Using only one bit to represent paranoia is a known vulnerability. Please upgrade libParanoiaKit.

That said, it seems like secure identity management can be added to the existing system with the addition of single secure endpoints as you stipulate. My recommendation is that these endpoints be additional rather than attempting to secure existing endpoints. That is, new, secure mobile devices that would be secure endpoints. They would handle key management, user authentication, and encryption. Existing endpoints could be used for routing secure and insecure communications alike.

Very little would have to change for this to be effective in the short term, and in the long term (as you say) capability-based security and user-prompted delegation (for privacy, security, and identity management) could be realized through the secure endpoints.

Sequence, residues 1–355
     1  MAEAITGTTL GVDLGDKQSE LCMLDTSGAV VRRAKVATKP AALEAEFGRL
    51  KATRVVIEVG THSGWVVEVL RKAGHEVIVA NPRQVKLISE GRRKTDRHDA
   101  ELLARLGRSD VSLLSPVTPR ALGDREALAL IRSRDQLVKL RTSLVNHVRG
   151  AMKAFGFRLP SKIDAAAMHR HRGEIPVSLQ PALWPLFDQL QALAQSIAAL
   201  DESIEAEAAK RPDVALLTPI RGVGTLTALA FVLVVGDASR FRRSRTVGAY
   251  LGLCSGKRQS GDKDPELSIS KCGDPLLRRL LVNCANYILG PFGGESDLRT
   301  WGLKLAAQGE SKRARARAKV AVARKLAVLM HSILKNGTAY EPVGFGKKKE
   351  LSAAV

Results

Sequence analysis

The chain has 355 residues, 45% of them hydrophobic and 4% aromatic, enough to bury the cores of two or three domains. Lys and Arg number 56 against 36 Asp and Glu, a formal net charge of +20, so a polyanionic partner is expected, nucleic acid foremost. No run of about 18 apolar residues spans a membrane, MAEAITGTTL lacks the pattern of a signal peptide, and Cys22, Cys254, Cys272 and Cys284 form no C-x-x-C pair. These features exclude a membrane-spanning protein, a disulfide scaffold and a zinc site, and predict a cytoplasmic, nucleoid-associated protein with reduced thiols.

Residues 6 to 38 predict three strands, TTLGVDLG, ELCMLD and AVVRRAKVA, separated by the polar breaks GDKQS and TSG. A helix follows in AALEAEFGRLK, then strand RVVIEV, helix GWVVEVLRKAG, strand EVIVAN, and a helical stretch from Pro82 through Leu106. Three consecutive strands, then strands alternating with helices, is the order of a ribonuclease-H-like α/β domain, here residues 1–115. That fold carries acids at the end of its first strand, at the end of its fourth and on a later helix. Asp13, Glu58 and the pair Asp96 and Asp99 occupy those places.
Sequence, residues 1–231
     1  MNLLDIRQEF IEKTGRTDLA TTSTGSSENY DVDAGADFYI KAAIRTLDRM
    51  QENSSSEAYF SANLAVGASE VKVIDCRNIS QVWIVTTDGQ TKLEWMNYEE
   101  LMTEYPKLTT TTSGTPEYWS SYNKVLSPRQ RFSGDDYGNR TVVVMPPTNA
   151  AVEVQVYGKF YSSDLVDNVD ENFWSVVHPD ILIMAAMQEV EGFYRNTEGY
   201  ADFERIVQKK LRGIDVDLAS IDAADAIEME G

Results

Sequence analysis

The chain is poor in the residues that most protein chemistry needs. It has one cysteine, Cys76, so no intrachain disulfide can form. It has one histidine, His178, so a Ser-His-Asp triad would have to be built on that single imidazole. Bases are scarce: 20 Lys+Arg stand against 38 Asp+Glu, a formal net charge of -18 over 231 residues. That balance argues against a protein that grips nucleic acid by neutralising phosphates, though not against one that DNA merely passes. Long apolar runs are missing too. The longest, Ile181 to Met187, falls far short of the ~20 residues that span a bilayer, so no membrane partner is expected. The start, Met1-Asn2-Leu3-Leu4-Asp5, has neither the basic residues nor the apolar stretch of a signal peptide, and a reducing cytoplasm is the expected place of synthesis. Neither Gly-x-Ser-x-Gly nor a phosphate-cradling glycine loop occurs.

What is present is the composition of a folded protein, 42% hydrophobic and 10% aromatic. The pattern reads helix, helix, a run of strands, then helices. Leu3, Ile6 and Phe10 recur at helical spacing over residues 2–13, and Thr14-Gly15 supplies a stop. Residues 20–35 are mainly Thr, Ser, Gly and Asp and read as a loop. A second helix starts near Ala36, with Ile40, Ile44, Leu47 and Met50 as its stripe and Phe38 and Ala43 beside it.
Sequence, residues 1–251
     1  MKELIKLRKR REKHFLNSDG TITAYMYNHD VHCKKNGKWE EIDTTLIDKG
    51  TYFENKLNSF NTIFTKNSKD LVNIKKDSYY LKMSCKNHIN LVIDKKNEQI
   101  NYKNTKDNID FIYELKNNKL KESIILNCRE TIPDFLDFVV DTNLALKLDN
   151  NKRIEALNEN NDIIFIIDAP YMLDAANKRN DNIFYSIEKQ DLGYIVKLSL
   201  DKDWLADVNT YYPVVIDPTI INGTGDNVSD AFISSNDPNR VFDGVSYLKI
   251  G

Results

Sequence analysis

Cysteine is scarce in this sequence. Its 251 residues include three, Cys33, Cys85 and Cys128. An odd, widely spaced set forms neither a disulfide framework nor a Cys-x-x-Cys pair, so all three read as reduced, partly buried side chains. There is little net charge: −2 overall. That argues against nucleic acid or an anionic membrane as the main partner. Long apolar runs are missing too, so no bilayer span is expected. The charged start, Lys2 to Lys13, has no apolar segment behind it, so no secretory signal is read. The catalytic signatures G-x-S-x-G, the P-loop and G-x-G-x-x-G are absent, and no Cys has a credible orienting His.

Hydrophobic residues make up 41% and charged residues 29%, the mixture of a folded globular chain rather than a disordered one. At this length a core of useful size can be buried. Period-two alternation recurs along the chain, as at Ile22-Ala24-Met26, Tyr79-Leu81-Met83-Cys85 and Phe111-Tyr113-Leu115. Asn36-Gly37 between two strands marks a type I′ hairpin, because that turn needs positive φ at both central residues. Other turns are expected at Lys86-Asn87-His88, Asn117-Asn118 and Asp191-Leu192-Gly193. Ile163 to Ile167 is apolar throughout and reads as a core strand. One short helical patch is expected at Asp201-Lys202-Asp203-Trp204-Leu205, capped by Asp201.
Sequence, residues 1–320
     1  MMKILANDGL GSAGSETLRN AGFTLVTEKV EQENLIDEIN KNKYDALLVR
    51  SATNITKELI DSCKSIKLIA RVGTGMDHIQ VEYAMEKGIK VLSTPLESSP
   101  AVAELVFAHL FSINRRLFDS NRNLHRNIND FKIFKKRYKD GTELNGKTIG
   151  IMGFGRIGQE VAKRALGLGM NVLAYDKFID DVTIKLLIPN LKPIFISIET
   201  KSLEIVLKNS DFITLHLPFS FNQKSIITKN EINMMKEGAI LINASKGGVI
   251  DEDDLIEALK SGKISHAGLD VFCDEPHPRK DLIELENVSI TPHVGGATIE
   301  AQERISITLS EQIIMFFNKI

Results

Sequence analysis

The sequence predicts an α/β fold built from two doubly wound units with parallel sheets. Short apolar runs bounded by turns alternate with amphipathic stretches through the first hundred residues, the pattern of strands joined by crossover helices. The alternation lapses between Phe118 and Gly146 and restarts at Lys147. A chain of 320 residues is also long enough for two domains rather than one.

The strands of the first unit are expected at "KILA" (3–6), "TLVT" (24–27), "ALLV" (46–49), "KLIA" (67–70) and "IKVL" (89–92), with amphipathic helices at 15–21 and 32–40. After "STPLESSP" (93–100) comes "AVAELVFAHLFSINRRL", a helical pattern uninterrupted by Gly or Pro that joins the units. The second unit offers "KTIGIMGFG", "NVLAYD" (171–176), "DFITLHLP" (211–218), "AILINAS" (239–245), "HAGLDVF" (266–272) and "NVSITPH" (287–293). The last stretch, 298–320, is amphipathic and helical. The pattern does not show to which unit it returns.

Just not trustworthy (5, Insightful)

onyxruby (118189) | more than 4 years ago | (#30641240)

with better trust and built-in identity management.

. This is the part I worry about, it sounds like what the **AA's would love to have, an Internet without anonymity, one where everything is trusted.

Much like the trusted computing module put onto motherboards, I simply can't have faith in "trusted" Internet. Remember your TPM has nothing to with you being able to trust anyone, and everything to do with you not being trusted with your own computer.

The model we're using today is just wrong. It can't be made to work. We need a much more information-oriented view of security, where the context of information and the trust of information have to be much more central."